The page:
As soon as we stepped out of Tan Son Nhat International Airport, we were confronted by the oppressive heat and humidity of Ho Chi Minh City, the buzz of locals waiting outside, and the exotic new smell of constant traffic. Among the swarm of unfamiliar faces, we were filled with a sense of excitement and nervousness for what was to come. For some of us, this was our first trip out of the U.S. For others, this was their first trip without their parents with them. For all of us, lay ahead an opportunity in a new country with a dark, violent past, and a gleaming future.
Characterizing this week as busy, fascinating, and somewhat exhausting would be an understatement. We began our journey with a visit to the local zoo and botanical gardens, where we observed exotic reptiles and greenery. We then toured the Reunification Palace, former headquarters of the Southern Vietnamese government, whose gates were charged by Viet Cong tanks to mark the end of the first truly televised war.
The following day we headed down South to the Can Gio district or Mekong delta, where we planted mangrove trees in the rich mud flecked with black. We then went from island to island via speedboat where we saw the most hilarious monkeys, wild boars, crocodiles, and bats. We ended the day with a spectacular view by climbing up a tower to a viewing deck just above the tree canopy as we watched the sun set over the seemingly infinite green forest infested with birds in all directions.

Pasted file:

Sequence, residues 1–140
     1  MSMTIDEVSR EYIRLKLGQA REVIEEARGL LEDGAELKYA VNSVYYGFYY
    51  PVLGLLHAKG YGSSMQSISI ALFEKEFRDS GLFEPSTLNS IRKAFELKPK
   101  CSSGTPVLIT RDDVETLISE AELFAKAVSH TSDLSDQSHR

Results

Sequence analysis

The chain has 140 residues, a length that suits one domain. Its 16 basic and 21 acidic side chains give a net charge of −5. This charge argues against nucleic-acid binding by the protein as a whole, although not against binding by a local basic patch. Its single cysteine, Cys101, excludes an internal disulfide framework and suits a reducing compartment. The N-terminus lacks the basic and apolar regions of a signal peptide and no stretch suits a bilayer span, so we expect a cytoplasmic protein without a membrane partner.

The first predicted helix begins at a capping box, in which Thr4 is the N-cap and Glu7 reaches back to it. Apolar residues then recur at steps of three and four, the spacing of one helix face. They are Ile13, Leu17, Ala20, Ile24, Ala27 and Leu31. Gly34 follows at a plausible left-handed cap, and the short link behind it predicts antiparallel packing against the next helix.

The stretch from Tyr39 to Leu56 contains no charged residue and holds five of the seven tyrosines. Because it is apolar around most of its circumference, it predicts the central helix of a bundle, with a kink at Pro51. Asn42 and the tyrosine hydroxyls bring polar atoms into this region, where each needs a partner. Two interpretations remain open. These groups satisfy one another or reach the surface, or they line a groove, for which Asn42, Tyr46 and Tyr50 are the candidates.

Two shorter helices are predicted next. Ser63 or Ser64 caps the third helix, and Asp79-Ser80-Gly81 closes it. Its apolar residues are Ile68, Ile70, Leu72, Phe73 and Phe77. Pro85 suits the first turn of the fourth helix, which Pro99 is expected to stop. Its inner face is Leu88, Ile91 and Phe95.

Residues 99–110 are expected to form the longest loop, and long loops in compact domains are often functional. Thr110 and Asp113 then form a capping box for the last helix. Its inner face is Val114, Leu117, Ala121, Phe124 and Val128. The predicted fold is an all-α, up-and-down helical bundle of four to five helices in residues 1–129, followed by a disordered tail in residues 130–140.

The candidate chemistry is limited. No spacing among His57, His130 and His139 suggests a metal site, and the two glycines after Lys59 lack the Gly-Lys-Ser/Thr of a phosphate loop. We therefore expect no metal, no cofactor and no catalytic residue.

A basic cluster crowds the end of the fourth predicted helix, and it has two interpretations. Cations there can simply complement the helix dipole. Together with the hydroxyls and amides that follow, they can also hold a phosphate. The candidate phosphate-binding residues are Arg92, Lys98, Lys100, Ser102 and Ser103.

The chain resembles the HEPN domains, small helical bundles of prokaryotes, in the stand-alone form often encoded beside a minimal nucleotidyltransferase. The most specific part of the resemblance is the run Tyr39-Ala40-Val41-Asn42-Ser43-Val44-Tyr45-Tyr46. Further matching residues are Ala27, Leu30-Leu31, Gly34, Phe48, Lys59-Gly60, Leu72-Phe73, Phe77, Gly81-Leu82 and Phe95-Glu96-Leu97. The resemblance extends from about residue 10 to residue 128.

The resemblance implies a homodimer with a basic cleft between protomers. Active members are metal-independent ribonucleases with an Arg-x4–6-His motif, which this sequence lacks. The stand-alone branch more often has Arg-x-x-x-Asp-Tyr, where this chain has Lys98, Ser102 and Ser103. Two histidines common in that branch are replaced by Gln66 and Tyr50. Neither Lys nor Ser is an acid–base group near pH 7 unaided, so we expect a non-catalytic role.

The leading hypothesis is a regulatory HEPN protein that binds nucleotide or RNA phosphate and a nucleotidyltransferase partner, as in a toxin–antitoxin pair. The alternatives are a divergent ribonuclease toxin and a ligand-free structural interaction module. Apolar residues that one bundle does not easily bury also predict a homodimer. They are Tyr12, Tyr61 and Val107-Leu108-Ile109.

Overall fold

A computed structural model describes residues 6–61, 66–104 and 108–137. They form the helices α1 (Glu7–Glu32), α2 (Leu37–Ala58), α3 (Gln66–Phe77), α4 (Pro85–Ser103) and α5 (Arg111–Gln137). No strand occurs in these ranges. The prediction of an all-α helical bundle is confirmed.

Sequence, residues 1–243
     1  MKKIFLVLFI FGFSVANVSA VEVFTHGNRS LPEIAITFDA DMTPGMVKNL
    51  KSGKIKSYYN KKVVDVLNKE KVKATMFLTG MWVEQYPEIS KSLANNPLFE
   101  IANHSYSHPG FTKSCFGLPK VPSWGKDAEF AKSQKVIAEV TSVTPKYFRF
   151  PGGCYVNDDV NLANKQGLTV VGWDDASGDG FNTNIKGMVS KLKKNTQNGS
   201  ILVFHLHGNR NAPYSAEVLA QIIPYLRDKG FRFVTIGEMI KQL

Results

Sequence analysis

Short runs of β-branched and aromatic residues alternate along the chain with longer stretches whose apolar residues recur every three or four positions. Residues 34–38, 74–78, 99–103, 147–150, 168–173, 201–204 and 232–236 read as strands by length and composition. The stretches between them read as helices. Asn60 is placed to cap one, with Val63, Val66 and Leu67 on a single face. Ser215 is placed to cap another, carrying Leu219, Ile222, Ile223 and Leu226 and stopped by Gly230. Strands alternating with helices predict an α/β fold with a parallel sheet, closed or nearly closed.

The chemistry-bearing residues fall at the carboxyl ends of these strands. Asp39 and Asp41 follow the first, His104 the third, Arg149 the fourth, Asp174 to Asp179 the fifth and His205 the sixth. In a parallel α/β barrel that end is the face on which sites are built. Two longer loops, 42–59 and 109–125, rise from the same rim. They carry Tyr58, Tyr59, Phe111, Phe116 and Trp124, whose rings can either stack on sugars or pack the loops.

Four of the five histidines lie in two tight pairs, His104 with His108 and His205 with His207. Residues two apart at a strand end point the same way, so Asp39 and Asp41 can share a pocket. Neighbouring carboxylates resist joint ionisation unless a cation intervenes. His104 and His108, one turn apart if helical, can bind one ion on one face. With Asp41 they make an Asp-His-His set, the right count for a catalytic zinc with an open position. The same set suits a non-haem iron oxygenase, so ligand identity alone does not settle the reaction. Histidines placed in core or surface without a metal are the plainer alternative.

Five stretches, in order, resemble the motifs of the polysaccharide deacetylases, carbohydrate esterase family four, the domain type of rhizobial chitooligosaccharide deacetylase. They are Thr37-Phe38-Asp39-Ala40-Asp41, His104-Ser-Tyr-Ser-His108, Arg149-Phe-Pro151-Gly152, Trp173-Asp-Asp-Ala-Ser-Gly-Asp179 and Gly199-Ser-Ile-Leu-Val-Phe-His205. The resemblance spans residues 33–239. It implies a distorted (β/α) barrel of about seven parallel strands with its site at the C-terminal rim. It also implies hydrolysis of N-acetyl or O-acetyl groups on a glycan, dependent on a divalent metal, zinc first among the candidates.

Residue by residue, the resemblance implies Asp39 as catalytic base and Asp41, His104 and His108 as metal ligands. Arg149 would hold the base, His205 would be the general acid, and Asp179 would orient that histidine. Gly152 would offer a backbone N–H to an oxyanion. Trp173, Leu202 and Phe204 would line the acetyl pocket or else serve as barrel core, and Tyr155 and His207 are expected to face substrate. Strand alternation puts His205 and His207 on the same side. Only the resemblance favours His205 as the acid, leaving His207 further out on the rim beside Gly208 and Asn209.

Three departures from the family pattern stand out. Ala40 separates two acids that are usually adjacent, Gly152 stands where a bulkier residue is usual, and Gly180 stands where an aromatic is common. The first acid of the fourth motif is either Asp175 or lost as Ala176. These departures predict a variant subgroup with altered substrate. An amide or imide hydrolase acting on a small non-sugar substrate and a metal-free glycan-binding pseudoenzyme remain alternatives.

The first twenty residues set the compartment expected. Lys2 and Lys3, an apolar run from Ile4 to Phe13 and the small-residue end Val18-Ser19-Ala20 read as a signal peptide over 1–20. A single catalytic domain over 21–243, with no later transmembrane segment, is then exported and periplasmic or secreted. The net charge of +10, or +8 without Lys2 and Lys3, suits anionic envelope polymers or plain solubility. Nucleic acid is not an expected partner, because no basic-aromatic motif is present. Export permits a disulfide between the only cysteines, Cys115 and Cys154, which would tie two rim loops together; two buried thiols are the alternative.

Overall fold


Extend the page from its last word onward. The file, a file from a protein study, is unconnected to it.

The next two days were spent learning history with visits to two significant places. The first involved taking a trip to the War Remnants Museum, a gruesome and terribly disturbing record of war crimes images and the impact of Agent Orange and dioxin on the Vietnamese people. We then visited the Cu Chi tunnels where we were able to crawl through the same tunnels that Viet Cong guerilla warriors decades ago.
On the way back from Cu Chi, we stopped at the Agricultural Institute of Vietnam where we learned about the futuristic agricultural techniques of growing mushrooms, cantaloupes, and orchids. Over the next few days we visited several different NGO’s, the Women’s Museum, the Natural Remedies Museum, Saigon Square, Chinatown, and a fantastic acrobatic performance about Vietnamese Culture at the impressive, French built, Saigon Opera House.
Besides all of the amazing excursions, the food here will definately be one to remember. With its foreign aroma and enticing flavor, many of us were surprised by how much we liked it.
In all, we would like to thank you for reading our blog and accompanying us on this journey to Vietnam. Tune in next week for updates!
James Blan – Editor
Kanishka Khatri – Writer
Shannon McCormick – Photographer
Xuan Li – Videographer
See photos below. Videos can be found at this link, https://drive.google.com/drive/folders/1fRM83mXLaDpDl8hN8-ugfugnCYUm9qgu.